PubDate: 2014-02-17
      DOI: 10.1037/a0035865
       
  • Tackling psychosocial risks and work-related stress in developing
           countries: The need for a multilevel intervention framework.
    • Authors: Kortum; Evelyn; Leka, Stavroula
      Abstract: This exploratory study aimed to provide a framework for raising awareness and tackling emerging psychosocial risks in developing countries. We considered regulation, working conditions, hazardous sectors, health impact, vulnerable workers, and multilevel interventions while recognizing existing challenges and barriers. We used a triangulated methodological approach where each stage provided the basis for the development of the next. Semi-structured expert interviews informed the development of a two-round Delphi survey to build consensus, followed by a series of focus groups to explore findings in-depth. A total of 121 experts participated across all research stages. This article concentrates on the last stage of the research, the focus groups, while making reference to the findings of the first two research stages. Results for developing countries indicate that occupational health and safety priorities have changed during the last decade and point to the need for a comprehensive framework for action, for monitoring psychosocial risks and addressing work-related stress, violence, harassment, and unhealthy behaviors. Attention to socioeconomic conditions and processes of globalization, and an extended research and action paradigm, different from that applied in industrialized countries, are required. There is lack of research, infrastructure, information, and motivation by policymakers to act and a pressing need for capacity building, stakeholder mobilization, and international exchange and collaboration. Developing countries are not spared from the health, economic, and societal impact of psychosocial risks and work-related stress and this article outlines a framework for concerted action at different levels. (PsycINFO Database Record (c) 2014 APA, all rights reserved)
      PubDate: 2013-12-09
      DOI: 10.1037/a0035033
       
  • Enhancing work-related attitudes and work engagement: A quasi-experimental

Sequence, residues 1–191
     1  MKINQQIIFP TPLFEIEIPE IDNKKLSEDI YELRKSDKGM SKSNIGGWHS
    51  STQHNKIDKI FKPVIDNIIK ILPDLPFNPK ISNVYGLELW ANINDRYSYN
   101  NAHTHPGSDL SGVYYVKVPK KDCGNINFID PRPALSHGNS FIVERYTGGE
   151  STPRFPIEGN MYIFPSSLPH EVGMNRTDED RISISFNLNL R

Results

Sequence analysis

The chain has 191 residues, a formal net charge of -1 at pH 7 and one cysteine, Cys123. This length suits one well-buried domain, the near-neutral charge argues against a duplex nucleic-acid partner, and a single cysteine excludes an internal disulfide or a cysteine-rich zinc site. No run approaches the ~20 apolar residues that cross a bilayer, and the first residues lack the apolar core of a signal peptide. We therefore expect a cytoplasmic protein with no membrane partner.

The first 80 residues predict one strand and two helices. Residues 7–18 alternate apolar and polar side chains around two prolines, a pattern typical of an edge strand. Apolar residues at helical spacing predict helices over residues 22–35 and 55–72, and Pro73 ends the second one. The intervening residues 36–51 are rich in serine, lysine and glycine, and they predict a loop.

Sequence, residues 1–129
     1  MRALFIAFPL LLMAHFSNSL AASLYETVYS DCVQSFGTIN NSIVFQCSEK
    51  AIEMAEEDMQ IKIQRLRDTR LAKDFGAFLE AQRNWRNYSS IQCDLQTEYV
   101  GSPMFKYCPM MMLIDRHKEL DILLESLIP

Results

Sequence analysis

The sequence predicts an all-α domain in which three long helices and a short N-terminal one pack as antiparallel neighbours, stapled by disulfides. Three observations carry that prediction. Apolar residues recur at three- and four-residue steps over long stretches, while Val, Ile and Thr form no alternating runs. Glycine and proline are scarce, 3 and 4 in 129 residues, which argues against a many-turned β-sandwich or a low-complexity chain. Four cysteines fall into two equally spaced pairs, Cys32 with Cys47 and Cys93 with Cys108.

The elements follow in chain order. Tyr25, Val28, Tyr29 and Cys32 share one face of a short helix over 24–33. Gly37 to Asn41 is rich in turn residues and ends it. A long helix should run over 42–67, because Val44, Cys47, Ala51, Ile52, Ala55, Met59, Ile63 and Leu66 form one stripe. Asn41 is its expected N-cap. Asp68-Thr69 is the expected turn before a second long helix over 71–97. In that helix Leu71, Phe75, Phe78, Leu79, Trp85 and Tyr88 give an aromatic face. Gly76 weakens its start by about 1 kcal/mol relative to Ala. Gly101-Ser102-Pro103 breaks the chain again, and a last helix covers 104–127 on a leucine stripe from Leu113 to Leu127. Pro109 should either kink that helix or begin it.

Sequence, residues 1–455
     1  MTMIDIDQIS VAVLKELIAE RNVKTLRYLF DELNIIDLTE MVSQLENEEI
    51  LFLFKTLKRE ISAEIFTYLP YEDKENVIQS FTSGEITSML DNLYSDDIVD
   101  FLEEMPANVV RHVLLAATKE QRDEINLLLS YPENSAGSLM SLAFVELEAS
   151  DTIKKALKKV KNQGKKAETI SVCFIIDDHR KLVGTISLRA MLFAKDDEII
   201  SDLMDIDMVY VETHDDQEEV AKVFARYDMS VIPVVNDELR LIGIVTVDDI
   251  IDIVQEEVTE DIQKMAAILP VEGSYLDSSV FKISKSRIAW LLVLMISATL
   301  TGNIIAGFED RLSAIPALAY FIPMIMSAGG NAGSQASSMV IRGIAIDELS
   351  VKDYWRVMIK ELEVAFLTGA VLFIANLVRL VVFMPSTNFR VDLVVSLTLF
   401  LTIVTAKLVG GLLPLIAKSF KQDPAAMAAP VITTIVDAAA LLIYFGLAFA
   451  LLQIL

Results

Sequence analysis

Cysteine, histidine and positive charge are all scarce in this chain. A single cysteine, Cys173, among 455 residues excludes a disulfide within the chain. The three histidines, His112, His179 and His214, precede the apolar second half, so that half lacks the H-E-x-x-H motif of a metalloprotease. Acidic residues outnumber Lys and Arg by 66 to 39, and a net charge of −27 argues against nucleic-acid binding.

study of the impact of an organizational intervention.
    • Authors: Biggs; Amanda; Brough, Paula; Barbour, Jennifer P.
      Abstract: [Correction Notice: An Erratum for this article was reported in Vol 21(1) of International Journal of Stress Management (see record 2014-05163-003). In the article, the following Editor’s note was missing: Sheena Johnson served as the action editor for this article.] Drawing on the job demands-resources model, this research presents a quasi-experimental evaluation of an organizational intervention aiming to enhance upstream organizational resources via a leadership-development program. Repeated-measures data for perceptions of work-related characteristics, attitudes, and outcomes were collected four months before (Time 1/baseline) and seven months after (Time 2) the leadership-development intervention. Results indicated a positive effect of the leadership-development intervention on perceptions of work characteristics and well-being for the immediate subordinates of the leadership-development intervention participants, compared with a control group. Analysis of mediated effects indicated that the leadership-development intervention had a positive effect on subordinates’ perceptions of work-culture support and strategic alignment, which in turn had a positive effect on their job satisfaction and work engagement. This research successfully demonstrated that organizational interventions aiming to enhance upstream organizational resources (via leadership development) can effectively improve the psychosocial working environment for employees. Furthermore, this research addressed commonly cited limitations of intervention research, including the dearth of organizational-level interventions, lack of research focusing on positive outcomes, and failure to address mediating effects. (PsycINFO Database Record (c) 2014 APA, all rights reserved)
      PubDate: 2013-11-04
      DOI: 10.1037/a0034508
       
  • Process evaluation for organizational stress and well-being interventions:
           Implications for theory, method, and practice.
    • Authors: Biron; Caroline; Karanika-Murray, Maria